Follow NewsGram on Twitter

Nidhi has degrees in commerce, accounting and finance; the TV show has given her a boost of positive energy. “My life has changed a lot. I feel more positive and confident in my abilities and I am living my dream life to have cooking as my profession.”

She has already set up a home-catering business and is taking cooking classes. A restaurant is in the pipeline and she hopes “to set it up by end of 2016 or start of 2017”.

She would also love to write a recipe book “but with a twist — the book will have recipes and also a story behind each recipe and my cooking journey”. (IANS)

ALSO READ:

Click here for reuse options!
Copyright 2016 NewsGram

Next Story

Australia Proposes To Strengthen Regulations of Facebook, Google

Facebook has 17 million monthly users in Australia -- 68 per cent of its population -- while Instagram, second most popular site in terms of users - which is owned by Facebook, has 11 million users

0
Facebook
Australia recommends strengthening regulation of Facebook, Google. Pixabay

The Australian Competition and Consumer Commission (ACCC) on Monday proposed measures to counter the dominant market positions of Google and Facebook and strengthen monitoring on their access to information, advertising and consumers personal data.

The regulatory body, which recommended 11 preliminary measures in the report, was directed to conduct a public inquiry into the impact of digital search engines, social media platforms and other digital content in 2017 by then treasurer and current Prime Minister Scott Morrison.

“Acting as an intermediary between consumers and news outlets, platforms are inherently influential in shaping consumers’ choices of digital journalism,” said the report cited by Efe news.

This influential position and filtration of news items could place the consumer in a so-called filter bubble, increasing the risk of consumers being exposed to unreliable news, according to the report.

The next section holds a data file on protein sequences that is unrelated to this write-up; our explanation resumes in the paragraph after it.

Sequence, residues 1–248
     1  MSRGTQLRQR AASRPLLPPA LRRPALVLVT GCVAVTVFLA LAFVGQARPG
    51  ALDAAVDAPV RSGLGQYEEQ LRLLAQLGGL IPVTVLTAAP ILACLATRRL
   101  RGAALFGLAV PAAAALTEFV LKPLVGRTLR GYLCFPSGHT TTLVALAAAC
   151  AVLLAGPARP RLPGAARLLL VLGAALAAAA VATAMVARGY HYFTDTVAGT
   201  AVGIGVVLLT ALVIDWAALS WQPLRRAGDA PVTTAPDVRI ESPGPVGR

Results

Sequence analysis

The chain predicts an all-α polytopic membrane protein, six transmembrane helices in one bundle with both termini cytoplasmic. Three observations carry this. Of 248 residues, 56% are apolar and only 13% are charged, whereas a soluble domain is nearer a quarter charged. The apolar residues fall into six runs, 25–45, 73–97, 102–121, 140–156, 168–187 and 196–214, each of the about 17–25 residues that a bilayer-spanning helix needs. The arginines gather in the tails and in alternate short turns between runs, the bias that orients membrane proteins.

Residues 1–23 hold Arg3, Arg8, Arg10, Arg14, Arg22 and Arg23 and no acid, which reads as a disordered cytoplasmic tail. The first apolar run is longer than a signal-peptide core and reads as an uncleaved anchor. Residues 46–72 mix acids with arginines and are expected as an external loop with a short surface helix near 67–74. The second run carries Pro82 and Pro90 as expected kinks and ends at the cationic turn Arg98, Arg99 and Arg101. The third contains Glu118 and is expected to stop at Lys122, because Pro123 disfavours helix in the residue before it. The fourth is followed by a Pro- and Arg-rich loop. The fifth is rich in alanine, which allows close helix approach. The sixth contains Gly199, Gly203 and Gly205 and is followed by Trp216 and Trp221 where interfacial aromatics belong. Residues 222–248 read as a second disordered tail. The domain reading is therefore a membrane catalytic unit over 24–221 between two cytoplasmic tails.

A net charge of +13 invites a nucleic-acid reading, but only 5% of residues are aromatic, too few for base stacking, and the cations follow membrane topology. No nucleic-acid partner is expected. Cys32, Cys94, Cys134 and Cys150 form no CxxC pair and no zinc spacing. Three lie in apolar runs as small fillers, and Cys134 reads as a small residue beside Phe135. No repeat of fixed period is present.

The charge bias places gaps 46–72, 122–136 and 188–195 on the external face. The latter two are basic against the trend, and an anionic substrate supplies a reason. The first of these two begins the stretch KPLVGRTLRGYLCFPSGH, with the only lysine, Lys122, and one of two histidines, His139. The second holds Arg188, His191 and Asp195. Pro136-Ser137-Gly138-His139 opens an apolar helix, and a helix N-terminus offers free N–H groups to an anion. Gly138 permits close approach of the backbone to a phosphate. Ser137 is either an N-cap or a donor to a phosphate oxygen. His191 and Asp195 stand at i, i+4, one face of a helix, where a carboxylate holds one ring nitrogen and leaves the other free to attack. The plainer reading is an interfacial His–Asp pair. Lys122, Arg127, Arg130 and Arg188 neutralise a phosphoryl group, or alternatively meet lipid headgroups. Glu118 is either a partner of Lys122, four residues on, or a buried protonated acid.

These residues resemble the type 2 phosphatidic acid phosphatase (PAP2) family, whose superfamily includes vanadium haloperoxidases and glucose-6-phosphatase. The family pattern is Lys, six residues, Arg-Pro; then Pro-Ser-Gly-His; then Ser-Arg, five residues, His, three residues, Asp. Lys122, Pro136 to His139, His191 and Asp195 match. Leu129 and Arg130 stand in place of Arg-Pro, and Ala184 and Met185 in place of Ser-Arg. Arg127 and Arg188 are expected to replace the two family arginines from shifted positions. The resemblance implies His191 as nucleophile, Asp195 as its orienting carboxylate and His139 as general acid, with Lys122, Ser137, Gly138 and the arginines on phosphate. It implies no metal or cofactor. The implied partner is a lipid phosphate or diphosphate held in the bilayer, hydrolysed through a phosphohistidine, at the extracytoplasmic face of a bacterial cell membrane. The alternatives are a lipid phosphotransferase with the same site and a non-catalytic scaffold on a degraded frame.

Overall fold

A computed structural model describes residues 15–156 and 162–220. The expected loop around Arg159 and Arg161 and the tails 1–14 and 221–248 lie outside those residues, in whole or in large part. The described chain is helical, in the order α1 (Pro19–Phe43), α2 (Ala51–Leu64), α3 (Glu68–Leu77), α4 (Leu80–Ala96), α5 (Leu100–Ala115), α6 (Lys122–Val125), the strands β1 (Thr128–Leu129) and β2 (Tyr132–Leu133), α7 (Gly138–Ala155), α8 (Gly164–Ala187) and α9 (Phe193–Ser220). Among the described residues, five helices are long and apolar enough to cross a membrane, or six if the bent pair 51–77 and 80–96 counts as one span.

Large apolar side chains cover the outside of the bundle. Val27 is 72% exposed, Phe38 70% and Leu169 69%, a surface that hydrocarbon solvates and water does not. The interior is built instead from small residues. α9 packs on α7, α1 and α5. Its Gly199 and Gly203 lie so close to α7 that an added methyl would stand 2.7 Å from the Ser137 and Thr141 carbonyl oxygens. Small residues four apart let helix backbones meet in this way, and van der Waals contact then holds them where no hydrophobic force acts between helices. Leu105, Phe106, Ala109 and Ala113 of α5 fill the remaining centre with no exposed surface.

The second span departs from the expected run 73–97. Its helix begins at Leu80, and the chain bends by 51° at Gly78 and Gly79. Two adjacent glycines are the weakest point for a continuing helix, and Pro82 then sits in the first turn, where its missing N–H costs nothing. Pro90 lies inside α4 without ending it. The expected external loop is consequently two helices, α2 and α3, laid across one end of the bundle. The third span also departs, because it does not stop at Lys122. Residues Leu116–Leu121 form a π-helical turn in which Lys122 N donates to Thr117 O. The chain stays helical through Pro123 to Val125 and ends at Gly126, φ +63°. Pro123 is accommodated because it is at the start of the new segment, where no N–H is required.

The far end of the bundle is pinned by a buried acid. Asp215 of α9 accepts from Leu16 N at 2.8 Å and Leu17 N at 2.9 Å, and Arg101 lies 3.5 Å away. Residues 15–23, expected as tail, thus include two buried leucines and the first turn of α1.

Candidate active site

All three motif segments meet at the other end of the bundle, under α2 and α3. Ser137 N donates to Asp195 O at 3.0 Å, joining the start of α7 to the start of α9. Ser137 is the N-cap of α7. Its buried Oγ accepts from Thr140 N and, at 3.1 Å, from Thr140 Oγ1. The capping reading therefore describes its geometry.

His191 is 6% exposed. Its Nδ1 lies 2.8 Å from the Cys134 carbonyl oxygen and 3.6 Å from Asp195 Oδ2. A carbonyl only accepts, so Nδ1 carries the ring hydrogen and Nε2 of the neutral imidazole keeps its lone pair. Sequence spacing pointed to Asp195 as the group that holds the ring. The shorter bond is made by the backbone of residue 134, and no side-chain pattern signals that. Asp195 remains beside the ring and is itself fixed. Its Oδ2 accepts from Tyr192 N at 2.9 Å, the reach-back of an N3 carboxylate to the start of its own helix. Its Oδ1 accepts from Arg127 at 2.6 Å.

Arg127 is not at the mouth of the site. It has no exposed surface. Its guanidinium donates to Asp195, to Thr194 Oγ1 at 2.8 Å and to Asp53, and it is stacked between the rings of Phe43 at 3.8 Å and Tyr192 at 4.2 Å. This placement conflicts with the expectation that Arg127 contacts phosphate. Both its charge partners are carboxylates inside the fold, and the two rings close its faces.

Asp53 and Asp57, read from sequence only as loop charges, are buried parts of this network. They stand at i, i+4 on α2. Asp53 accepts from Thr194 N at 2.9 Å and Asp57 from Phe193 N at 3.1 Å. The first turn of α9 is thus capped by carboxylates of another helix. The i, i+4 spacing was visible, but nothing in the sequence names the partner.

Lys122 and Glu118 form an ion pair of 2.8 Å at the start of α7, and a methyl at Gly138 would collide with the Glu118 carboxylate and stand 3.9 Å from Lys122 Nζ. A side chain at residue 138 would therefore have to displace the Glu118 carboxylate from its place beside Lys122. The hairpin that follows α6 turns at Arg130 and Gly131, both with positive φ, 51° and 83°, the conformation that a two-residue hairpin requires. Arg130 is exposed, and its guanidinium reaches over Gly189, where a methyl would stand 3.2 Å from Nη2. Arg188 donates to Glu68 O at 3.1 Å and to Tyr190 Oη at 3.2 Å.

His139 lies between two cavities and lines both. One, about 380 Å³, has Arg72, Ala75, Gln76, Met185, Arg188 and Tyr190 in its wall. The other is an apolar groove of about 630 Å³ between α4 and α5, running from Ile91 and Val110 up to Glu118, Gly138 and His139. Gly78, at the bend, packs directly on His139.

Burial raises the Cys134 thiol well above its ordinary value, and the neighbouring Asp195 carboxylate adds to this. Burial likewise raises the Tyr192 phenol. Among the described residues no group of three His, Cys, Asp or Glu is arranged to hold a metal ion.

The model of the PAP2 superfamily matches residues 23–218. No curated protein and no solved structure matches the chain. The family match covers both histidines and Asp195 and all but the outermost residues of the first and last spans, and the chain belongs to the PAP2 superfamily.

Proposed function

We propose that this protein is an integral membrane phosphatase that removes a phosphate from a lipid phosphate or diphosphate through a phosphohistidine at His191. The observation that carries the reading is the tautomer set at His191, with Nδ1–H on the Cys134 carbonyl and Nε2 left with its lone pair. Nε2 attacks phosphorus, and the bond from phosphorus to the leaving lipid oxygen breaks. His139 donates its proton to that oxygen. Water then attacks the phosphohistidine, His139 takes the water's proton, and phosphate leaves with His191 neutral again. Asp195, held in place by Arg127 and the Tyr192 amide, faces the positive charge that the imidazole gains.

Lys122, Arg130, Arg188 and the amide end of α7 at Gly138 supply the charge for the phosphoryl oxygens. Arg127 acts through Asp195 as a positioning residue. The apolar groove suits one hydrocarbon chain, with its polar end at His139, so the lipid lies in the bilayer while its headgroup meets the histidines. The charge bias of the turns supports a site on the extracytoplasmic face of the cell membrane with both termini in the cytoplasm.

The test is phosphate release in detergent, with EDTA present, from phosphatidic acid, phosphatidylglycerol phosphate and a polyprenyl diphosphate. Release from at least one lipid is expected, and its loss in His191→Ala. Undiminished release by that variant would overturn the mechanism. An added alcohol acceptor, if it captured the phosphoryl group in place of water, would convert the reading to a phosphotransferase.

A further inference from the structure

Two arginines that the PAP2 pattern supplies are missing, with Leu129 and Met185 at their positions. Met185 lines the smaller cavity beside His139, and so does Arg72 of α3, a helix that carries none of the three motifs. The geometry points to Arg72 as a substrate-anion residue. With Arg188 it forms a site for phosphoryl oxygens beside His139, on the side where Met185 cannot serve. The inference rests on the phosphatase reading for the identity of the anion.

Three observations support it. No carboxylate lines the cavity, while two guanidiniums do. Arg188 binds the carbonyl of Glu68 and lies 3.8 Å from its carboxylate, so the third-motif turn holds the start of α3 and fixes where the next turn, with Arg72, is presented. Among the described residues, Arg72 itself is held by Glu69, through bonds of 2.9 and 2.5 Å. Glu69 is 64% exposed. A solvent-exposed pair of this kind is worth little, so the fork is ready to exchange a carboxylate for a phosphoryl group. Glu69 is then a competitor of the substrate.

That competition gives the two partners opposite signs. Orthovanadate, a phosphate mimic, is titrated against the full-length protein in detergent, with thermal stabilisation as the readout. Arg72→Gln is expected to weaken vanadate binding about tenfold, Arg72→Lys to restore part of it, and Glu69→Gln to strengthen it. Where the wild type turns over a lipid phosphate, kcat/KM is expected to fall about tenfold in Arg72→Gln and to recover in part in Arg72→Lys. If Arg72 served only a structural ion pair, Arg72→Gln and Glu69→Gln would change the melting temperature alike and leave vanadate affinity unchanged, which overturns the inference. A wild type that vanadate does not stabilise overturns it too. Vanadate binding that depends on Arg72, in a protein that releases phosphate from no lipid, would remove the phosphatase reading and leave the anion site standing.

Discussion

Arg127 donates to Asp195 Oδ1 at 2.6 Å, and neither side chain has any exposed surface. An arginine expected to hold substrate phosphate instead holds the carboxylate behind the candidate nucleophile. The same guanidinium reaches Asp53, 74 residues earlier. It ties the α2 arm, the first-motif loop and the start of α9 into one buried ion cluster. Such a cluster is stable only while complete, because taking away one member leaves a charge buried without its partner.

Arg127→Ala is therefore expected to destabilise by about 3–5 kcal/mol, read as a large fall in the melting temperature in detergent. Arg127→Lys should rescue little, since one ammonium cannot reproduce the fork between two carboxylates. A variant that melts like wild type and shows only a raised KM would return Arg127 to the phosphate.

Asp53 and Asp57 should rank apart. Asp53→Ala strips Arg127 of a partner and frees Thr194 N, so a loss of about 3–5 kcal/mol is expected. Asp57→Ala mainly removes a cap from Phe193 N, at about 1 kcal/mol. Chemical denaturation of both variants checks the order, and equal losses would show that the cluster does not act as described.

“The algorithms operated by each of Google and Facebook, as well as other policies, determine which content is surfaced and displayed to consumers in news feed and search results,” it said.

“The ACCC considers that the strong market position of digital platforms like Google and Facebook justifies a greater level of regulatory oversight,” Chair Rod Sims said.

Facebook
Facebook, social media. Pixabay

The commission called for the creation of a regulatory authority with powers to monitor these digital platforms and recommended establishing an automatic mechanism to take down content that violates copyright.

The ACCC said consumers should be informed about the manner in which these platforms collect and use their data to create personalized advertising.

This would include a reform of privacy laws to require the user’s express consent to data collection and “enable consumers to require erasure of their personal information where they have withdrawn their consent”.

Also Read- Actor Shahid Kapoor Finally Speak Upon His Health Rumours

ACCC said that it found that “competition may have been distorted in multiple sectors where consumer data is used”.

Facebook has 17 million monthly users in Australia — 68 per cent of its population — while Instagram, second most popular site in terms of users – which is owned by Facebook, has 11 million users.

In 2017, Google registered 90 per cent of search traffic originating from Australian desktops and 98 per cent from mobile phones. (IANS)